Amos Vogel, influential film scholar, dies at 91


Amos Vogel, who pioneered an appreciation for avant-garde and experimental film and who co-founded the influential New York Film Festival, died April 24 at 91.


Philadelphia film writer Sam Adams said Vogel helped “give birth” to understanding that films could consciously set out to become art. “He didn’t just screen films,” Adams said. “He very deliberately created a film culture in New York – an educational and cultural environment. He was very conscious of his pedagogical role.”

Director Martin Scorsese said, “If you’re looking for the origins of film culture in America, look no further than Amos Vogel.”

Vogel’s 1974 book, Film as Subversive Art, even though it has been out of print for many years was “so ahead of his time…that the ideas that he penned some 30 years ago are still relevant today.” The book, which sells for $50 an up “analyzes how aesthetic, sexual, and ideological subversives use one of the most powerful art forms of our day to exchange or manipulate our conscious and unconscious, demystify visual taboos, destroy dated cinematic forms, and undermine existing value systems and institutions. This subversion of form, as well as of content, is placed within the context of the contemporary world view of science, philosophy, and modern art, and is illuminated by a detailed examination of over 500 films, including many banned, rarely seen, or never released works.”

Vogel was born in Vienna and “arrived in America a penniless teen after escaping the Nazis” in 1938. He founded the now legendary film club Cinema 16 with his wife, Marcia, and experimental filmmaker Maya Deren in 1947. Cinema 16’s members viewed avant-garde and independent films by John Cassavetes, Roman Polanski, Kenneth Anger, Alain Resnais, and others.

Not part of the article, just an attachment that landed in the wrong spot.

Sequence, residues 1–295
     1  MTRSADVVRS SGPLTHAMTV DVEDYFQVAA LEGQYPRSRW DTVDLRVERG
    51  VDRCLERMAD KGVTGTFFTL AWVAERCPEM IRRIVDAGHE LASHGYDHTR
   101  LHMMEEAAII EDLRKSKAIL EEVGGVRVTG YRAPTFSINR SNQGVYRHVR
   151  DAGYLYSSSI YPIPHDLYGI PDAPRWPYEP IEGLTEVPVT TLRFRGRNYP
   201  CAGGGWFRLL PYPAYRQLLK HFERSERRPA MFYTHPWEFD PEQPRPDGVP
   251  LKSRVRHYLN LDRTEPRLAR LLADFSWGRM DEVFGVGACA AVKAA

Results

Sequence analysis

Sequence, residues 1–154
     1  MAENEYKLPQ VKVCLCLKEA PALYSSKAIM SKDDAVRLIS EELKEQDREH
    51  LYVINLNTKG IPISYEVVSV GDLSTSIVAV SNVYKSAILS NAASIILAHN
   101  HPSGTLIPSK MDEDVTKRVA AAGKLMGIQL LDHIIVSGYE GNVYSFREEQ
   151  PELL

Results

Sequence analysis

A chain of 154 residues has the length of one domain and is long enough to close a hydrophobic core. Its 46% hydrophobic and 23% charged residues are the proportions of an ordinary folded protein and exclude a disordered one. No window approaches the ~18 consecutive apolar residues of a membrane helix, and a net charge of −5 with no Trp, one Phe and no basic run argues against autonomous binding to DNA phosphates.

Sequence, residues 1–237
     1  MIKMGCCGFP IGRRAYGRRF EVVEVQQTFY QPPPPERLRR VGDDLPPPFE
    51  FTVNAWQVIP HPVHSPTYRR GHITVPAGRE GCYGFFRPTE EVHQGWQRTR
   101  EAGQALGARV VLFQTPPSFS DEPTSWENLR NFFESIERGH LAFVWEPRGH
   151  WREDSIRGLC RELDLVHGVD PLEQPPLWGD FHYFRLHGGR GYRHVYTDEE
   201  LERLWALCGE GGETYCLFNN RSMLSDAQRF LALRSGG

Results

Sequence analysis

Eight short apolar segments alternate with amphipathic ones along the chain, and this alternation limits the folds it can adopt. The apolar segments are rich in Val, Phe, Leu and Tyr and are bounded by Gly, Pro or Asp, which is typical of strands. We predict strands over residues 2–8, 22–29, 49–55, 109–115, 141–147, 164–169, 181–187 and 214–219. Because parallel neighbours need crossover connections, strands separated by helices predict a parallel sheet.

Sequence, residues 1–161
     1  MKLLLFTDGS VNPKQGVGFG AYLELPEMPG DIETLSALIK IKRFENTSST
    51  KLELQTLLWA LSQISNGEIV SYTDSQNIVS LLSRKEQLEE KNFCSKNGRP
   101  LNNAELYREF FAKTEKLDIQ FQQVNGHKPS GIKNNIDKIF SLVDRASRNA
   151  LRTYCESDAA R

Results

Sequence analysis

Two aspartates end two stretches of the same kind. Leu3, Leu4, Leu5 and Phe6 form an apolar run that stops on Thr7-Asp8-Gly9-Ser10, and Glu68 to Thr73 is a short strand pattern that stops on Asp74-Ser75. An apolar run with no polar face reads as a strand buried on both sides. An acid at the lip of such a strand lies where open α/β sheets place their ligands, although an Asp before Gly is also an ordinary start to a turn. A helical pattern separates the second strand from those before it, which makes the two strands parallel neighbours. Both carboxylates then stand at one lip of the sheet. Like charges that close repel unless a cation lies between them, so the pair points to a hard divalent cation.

In the 2004 documentary, “Film as a Subversive Art: Amos Vogel and Cinema 16,” Vogel was portrayed as a fighter against the conservatism of the film industry’s Hays Code and government censors. “I have remained a radical,” Vogel said in the film.

The film society was noted for eclectic programs that might include films such as Deren’s “Meshes of the Afternoon, The Garden Spider,” a short featuring close-ups of a spider at work, “New Faces Come Back,” a documentary about plastic surgery performed on RAF fliers, “Weegee’s New York,” the only film made by the legendary tabloid photographer, and even the infamous Nazi prpaganda film, “The Eternal Jew.”

Vogel started the Annenberg Cinematheque at University of Pennsylvania, and taught there and at Harvard University, New School for Social Research and New York University.

He collaborated with Maurice Sendak on the 1963 children’s book, How Little Lori Visited Times Square.

The Eulogizer highlights the life accomplishments of famous and not-so-famous Jews who have passed away recently. Write to the Eulogizer at Follow the Eulogizer on Twitter @TheEulogizer

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